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Consumer Financial Protection Bureau wants to help boost your credit score

Ethan Wolff-Mann
Senior Writer

Millennials have not taken kindly to credit cards like the generations that preceded them, studies have shown. It’s not cash—it’s debit cards. For many young adults, choosing to avoid a credit card means choosing to avoid the potentially damaging consequences of high interest rates and overdue balances. In a nutshell: Why borrow when you’re just going to pay it back?

The answer often comes later on – when you can’t just pay in cash from your bank account, like for a mortgage or car loan. And for these credit-invisible people, that doesn’t yield great interest rates.

On Thursday the Consumer Financial Protection Bureau, the government agency tasked with the sole mission of protecting consumers, announced it would be looking into alternate ways of determining consumers’ creditworthiness by asking the public for feedback about having alternative data for producing a credit score—instead of typical consumer credit-building, which relies on things like student loan repayment and credit cards.

“We want to learn more about whether this kind of alternative data could open up greater access to credit for many Americans who are currently stranded outside the mainstream credit system,” CFPB Deputy Director Richard Cordray said in Charlestown, W. Va.

Cordray detailed how loans used to be made on the basis of personal relationships—which still happens in community banking situations—but have moved toward an algorithmic system that assigns a credit score. In addition to the deficiencies of the credit score, which often omits potential credit-building factors like rent payments, the CFPB found that 25 million Americans are credit-invisible, with no credit history, and another 19 million have extremely limited credit history.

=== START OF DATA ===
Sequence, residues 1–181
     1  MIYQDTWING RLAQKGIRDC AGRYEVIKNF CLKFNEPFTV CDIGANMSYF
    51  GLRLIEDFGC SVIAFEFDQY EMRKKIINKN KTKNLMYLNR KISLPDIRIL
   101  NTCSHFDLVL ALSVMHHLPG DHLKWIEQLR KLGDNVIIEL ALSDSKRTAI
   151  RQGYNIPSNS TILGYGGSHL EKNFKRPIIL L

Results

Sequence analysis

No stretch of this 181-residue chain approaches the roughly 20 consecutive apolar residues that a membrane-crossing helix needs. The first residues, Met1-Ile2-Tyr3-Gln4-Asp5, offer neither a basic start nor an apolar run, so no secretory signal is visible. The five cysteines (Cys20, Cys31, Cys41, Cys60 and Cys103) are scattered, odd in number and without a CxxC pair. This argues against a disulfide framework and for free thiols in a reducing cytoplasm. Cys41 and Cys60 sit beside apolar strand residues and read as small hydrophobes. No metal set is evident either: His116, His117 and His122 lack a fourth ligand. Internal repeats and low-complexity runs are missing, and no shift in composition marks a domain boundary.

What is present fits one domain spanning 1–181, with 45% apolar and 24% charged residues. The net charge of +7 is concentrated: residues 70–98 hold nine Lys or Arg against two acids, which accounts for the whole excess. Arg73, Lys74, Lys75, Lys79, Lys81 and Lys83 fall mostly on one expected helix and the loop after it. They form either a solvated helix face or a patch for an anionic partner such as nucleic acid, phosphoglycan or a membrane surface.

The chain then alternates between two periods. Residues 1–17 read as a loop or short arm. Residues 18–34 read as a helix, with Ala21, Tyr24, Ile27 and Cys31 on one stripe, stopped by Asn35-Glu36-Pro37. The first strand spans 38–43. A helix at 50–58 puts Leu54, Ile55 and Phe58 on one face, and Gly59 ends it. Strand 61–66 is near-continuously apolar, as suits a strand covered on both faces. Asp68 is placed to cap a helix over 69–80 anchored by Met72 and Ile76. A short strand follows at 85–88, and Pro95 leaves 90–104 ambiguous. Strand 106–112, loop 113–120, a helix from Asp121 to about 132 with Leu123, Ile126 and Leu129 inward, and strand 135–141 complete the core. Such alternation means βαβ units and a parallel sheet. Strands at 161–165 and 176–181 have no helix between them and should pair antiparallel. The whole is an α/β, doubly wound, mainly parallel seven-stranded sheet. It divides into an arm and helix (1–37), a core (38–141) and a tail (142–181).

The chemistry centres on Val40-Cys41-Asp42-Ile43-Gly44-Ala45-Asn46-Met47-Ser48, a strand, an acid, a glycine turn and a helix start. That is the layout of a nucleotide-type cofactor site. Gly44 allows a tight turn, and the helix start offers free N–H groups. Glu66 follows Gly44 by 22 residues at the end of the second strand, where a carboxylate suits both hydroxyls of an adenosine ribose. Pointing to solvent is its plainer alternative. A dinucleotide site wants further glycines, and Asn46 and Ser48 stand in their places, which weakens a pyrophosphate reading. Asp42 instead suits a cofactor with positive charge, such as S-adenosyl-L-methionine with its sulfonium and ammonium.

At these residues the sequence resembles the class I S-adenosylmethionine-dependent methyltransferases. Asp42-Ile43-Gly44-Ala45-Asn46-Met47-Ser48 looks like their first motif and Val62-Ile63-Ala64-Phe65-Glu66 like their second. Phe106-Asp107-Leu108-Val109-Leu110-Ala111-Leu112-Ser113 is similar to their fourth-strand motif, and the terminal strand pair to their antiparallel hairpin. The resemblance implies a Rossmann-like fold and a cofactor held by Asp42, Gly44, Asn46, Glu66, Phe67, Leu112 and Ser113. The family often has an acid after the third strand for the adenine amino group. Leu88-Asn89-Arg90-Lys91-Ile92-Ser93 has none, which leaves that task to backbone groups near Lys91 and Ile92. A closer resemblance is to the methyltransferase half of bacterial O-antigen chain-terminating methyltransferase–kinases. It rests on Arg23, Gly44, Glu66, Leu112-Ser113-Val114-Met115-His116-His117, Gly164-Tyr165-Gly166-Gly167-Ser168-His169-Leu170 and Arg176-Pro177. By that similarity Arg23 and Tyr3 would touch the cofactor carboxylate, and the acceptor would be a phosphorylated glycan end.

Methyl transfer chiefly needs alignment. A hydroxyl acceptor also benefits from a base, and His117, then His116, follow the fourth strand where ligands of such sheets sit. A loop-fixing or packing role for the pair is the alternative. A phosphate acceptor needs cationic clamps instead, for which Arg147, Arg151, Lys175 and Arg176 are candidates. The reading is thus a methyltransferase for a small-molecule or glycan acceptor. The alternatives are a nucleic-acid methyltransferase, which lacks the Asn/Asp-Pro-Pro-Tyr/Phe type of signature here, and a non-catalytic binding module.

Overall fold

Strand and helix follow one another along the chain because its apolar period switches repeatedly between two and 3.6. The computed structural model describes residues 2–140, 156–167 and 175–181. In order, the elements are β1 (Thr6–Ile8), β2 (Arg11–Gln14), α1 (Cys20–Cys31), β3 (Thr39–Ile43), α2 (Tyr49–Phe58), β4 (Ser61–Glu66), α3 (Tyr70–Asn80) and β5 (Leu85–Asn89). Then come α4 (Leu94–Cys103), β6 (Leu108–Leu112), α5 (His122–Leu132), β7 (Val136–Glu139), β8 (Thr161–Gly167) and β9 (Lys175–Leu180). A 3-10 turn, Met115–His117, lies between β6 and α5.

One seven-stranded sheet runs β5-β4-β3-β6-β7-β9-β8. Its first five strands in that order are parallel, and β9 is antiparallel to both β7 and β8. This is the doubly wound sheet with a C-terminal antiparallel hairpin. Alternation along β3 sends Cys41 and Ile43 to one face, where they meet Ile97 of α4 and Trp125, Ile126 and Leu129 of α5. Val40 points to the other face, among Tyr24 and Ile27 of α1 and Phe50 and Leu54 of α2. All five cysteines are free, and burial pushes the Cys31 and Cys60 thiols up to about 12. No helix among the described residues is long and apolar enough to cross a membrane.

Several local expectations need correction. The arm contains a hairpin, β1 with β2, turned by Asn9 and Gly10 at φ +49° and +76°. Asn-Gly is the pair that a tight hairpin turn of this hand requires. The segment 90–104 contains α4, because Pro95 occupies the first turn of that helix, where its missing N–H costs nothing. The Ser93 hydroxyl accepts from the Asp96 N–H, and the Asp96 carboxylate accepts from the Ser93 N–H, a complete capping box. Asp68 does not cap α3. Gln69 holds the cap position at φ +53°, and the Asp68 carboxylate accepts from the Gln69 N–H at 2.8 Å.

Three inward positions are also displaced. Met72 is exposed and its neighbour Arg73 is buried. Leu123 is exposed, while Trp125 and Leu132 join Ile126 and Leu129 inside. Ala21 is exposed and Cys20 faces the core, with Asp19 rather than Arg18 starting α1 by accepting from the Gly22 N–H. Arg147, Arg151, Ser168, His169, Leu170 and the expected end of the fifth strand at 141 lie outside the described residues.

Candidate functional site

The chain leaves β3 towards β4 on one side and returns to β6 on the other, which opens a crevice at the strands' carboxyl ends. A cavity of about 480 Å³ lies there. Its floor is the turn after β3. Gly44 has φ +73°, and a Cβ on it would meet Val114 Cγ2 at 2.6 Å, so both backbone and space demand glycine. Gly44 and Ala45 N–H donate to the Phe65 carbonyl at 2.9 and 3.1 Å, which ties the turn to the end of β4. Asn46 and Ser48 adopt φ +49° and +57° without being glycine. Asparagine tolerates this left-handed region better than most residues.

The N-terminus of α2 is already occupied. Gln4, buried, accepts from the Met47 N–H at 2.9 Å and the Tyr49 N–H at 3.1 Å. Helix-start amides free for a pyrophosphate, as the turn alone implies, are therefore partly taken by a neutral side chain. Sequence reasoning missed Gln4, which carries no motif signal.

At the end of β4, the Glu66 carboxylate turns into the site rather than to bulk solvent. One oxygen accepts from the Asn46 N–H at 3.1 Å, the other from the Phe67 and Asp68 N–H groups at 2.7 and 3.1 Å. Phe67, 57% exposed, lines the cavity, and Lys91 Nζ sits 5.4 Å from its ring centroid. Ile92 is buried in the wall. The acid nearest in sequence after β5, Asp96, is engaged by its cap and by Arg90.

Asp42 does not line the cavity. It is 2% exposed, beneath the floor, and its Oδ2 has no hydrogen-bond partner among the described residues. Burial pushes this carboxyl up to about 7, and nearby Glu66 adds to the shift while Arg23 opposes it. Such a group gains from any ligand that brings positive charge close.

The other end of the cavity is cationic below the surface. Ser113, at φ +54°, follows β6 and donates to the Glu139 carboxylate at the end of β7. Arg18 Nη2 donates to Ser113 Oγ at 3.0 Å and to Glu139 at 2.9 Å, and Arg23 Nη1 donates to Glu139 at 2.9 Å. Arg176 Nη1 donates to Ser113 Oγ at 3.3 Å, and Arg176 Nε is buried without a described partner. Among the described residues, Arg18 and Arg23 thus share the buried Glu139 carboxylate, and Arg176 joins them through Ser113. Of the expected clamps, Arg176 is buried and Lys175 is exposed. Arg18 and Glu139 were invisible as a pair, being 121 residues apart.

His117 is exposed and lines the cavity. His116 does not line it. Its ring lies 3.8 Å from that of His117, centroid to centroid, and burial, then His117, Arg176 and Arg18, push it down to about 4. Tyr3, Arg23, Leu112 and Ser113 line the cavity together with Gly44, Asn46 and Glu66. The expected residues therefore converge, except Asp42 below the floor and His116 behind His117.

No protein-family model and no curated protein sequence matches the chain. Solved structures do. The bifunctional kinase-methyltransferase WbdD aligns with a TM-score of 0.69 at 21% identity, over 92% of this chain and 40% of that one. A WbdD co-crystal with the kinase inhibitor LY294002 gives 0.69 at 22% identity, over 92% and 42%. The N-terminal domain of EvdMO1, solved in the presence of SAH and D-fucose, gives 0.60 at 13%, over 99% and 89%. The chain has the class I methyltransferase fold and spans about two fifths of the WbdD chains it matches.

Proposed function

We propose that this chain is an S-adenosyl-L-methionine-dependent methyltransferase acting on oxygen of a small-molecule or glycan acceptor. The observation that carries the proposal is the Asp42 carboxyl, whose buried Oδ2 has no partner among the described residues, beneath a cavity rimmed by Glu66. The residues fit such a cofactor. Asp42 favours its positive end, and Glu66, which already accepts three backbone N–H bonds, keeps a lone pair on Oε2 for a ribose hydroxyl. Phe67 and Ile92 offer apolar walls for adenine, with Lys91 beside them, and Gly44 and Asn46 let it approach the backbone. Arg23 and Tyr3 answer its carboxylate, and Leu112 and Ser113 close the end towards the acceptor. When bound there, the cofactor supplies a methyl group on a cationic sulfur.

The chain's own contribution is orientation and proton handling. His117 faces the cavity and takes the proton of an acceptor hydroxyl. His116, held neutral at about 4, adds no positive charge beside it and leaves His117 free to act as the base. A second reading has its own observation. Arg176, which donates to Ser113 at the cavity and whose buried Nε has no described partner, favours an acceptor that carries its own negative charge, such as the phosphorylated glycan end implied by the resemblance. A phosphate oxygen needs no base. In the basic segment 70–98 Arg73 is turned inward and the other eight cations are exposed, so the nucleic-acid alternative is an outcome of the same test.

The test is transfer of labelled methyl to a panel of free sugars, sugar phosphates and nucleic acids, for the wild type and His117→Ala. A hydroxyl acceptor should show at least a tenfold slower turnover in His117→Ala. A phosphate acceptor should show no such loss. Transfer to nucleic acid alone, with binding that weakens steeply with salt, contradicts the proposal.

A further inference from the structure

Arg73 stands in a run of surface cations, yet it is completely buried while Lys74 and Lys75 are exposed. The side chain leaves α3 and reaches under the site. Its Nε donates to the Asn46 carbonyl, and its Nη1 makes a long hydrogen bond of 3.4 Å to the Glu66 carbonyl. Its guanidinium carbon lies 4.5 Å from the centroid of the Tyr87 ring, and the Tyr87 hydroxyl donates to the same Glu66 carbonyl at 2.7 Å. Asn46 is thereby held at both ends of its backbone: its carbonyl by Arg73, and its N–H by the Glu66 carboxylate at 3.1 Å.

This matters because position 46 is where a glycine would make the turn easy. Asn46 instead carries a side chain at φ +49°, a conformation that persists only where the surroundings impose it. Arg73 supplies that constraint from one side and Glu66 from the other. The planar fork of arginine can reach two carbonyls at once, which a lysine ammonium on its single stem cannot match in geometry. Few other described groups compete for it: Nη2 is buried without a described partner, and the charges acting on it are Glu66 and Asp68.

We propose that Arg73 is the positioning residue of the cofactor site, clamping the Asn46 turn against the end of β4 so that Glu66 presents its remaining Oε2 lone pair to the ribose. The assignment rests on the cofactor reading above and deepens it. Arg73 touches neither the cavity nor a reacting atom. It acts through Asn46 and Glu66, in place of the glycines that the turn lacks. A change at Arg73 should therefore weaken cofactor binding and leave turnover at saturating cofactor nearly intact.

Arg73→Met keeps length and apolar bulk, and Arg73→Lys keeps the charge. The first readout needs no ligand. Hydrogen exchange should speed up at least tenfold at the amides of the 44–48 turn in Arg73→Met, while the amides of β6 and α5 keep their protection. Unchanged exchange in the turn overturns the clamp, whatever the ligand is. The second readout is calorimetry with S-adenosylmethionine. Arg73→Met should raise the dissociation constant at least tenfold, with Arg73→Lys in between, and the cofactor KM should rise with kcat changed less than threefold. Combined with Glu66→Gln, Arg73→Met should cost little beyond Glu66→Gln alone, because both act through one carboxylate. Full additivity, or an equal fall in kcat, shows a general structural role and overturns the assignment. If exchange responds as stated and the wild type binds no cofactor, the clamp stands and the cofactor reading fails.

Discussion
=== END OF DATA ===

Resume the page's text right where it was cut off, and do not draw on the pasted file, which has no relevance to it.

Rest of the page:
“[These people] often are caught in a Catch-22, unable to get credit because they have not had credit before,” Cordray said. “They cannot seize meaningful opportunities, such as borrowing to start a business or buy a house.”

The idea that other sorts of data can be used in lieu of the credit score algorithm isn’t new. In 2015, FICO announced that LexisNexis and Equifax began a pilot program in which credit card companies can use alternative data like bill payments to identify creditworthy people, and public records.

Credit invisibility has been worrisome in China, as credit is a new thing for many people. There, however, the alternative means proposed, have been troublesome: A social score that tracks spending habits and filial piety, among other things. It’s a program that sounds as if it came from a dystopian thriller, designed to control the subjects of a totalitarian state.

This is precisely why Cordray is opening up a dialogue to determine what ways, if any, should be implemented to extend credit for people with no or little credit history.

“Alternative data may draw from sources such as rent or utility payments,” said Cordray. In his view, a possible option would create a new hybrid system that takes elements like those payments and combines it with traditional lending practices, which take into account the consumer’s lifestyle and personality. “It can encompass the kinds of information that relationship lenders typically know as a matter of course, such as the consumer’s occupation, educational attainment, and various other personal accomplishments.”

Specifically, the CFPB will be looking into whether alternative data would help expand access to credit, how complex it would be, how expensive it would be, whether severe privacy and security issues would occur, and what impact it would have on specific groups of people.

The process for determining the pros and cons may be a lengthy one, but the potential upside is great. While much public conversation focuses on the ability of small businesses to borrow, the lack of credit for almost 45 million people is a significant economic issue.

Comments can be submitted at Regulation.gov.

Ethan Wolff-Mann is a writer at Yahoo Finance focusing on consumer issues, tech, and personal finance. Follow him on Twitter @ewolffmann.

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